Pingdom offers an insight into the speed of response from your website.
An Element of User Experience
Author/Copyright holder: visualpun.ch. Copyright terms and license: CC BY-SA 2.0
It would be wonderful if we could draw the borders of user experience as if it were a country on a map. Unfortunately, the reality is fuzzier. As much as we like making sense of phenomena and applying frameworks, we must remember that users are people. As such, they make decisions steered by logic and emotions.
As we saw above, many designers get confused at the difference between usability and the larger branch of user experience. Core areas of the user experience include (Usability, 2014):
Usability: A measure of a user’s ability to arrive on a site, use it easily, and complete the desired task. Remember, we’re designing websites, where there is flow, rather than focusing on page design and assuming everything will flow later.
Useful content: The website should include enough information in an easily digestible format that users can make informed decisions. Keep Hick’s Law in mind here: streamline your design to be simple. Use restraint.
Desirable/Pleasurable Content: The best user experiences come when the user can form an emotional bond with the product or website. That means moving beyond usable and useful and on to developing content that creates that bond. Emotional design is a huge part of the user experience. An English grammar website that offers daily tips might prove itself useful. But if that tip is funny, users won’t only remember the rule; they may return for more!
Accessibility: For people with different levels of disability, online experiences can be deeply frustrating. There are a set of accessibility standards with which sites should conform to assist the visually impaired, the hearing impaired, the motion impaired, etc. Content for the learning disabled needs careful consideration in order to provide a more complete user experience, too.
Credibility: The trust that your website engenders in your users also plays a part in the user experience. One of the biggest concerns users have online is security (in many cases, they worry about privacy, too). Addressing these concerns through your design, for example by showing security features and having easily accessible policies regarding these concerns, can help create a sense of credibility for the user.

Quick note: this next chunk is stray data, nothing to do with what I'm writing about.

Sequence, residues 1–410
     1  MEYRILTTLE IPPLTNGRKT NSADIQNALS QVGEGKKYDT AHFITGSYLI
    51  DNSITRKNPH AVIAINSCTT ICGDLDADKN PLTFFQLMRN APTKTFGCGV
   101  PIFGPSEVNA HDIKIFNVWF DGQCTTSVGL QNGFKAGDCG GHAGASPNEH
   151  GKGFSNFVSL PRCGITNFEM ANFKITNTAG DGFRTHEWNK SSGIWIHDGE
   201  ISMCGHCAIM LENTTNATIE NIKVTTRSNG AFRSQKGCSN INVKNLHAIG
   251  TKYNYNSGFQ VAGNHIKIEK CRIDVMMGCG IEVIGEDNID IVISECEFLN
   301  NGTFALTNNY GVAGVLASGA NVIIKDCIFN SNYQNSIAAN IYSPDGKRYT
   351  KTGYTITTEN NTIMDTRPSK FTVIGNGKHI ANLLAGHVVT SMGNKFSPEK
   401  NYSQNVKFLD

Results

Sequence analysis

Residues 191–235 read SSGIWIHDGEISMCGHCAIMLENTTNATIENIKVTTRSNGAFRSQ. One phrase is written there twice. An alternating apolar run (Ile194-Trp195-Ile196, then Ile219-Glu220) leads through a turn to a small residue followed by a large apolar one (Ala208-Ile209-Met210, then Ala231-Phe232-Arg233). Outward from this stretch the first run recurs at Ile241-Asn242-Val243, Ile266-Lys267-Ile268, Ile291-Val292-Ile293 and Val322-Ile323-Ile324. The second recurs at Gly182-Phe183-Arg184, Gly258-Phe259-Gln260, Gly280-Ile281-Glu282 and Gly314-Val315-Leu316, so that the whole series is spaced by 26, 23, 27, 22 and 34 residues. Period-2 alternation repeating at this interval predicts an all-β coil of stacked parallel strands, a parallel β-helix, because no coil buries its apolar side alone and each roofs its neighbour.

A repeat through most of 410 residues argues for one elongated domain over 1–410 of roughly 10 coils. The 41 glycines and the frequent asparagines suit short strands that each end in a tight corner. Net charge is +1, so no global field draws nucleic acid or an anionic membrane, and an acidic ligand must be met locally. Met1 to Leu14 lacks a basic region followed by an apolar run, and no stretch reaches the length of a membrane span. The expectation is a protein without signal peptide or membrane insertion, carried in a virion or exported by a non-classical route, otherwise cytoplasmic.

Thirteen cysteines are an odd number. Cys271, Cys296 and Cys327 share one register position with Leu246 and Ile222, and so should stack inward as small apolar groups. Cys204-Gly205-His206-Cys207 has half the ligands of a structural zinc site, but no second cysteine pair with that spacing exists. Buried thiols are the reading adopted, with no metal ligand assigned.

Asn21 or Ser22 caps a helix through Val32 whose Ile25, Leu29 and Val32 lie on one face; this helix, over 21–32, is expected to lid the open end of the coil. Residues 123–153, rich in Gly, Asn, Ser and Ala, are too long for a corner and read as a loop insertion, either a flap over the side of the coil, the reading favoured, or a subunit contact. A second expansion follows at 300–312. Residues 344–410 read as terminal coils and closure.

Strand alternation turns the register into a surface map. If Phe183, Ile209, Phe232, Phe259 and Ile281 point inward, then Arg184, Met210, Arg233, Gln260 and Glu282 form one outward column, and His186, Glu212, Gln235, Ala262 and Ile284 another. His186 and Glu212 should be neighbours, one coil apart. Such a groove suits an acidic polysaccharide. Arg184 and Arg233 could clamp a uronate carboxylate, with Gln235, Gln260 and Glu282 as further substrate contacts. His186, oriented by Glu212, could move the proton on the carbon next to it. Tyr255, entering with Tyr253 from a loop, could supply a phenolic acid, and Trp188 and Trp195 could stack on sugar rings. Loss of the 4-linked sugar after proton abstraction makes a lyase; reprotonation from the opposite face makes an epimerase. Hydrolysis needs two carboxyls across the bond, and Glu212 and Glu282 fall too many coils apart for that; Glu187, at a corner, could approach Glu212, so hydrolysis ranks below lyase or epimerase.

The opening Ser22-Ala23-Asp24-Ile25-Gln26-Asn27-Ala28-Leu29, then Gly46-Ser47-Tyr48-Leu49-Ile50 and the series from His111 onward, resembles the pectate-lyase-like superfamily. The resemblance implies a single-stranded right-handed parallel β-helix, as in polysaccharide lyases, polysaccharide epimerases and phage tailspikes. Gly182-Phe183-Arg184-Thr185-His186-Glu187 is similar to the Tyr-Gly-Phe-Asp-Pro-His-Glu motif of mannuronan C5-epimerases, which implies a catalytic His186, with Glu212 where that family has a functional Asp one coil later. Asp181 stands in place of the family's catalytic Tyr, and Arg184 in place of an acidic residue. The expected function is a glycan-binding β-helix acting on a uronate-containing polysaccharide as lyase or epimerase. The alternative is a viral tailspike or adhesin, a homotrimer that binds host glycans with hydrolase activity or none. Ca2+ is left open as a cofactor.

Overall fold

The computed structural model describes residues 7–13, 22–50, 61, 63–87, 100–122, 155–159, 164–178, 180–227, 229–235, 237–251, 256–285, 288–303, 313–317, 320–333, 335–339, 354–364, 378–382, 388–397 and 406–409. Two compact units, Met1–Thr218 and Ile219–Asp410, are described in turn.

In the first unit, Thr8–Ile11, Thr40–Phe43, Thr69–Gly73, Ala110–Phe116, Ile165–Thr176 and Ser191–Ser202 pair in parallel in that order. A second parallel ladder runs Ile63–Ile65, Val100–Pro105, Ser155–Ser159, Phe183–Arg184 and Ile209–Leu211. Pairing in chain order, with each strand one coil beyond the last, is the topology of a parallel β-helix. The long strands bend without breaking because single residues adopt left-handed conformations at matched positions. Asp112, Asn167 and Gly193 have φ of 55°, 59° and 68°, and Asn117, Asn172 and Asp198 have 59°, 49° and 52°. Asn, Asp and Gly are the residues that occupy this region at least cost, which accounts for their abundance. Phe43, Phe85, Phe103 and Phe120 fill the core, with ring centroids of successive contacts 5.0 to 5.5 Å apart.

Naturally, the usability of a design is important. However, we need to consider usability alongside these other concerns to create a great user experience. The UX comes as much from graphical design, interactive design, content, etc. as it does from usability alone.
The Take Away
Usability refers to how easily a user interacts with a website or product. It comes under the heading of UX design but is not the whole story of user experience design. In usability, we designers have to focus on three aspects in particular:
Users should find it easy and become proficient when using a design interface.
They should be able to achieve their goal easily through using that design.
They should be able to learn the interface easily, so that return visits are just as, if not more, easy.
We should analyze our web design when determining usability, taking into account everything from accessibility and usefulness of content to credibility and designing content users will enjoy. That means thinking ahead. Who are your users? Might they have trouble reading your text? Can you make them smile or laugh by adopting a fun tone (e.g., edutainment—entertainment and education—is useful when teaching)? Users will want to feel reassured that they are navigating securely. Make them feel so.
You also should consider the realities of the web. Finding a reliable server for your site that loads quickly is crucial. At the HTML level, you should use ALT tags and design a helpful catch page in case a link is broken.
Visual factors, including layout colors and content formatting, are important, too. Having a good-looking site is all very well, but can users navigate easily?
Finally, test, test, and test. A plethora of website usability tools exist. Never underestimate the value of testing from an early stage. By working out where users click, for example, you’ll be well on track to learning their ways and how usable your site is.
Where To Learn More
Course: The Practical Guide to Usability
Leavitt, M. O., &Shneiderman, B. (2006): Research-based Web Design &Usability Guidelines. US Department of Health and Human Services.
Alscher, D. (2019). Color Contrast: For the Sake of Aesthetic and Accessibility.
Bevan, N. (1992). “What is Usability”. Proceedings of the 4th International Conference on HCI, Stuttgart, September 1991.
The Smashing Editorial (2012). “Usability and User Experience”. Smashing Magazine.
Chapman, C. (2011). “Comprehensive Review of Usability And User Experience Testing Tools”. Smashing Magazine.
Hero Image: Author/Copyright holder: Peter Morville. Copyright terms and license: CC BY-NC 2.0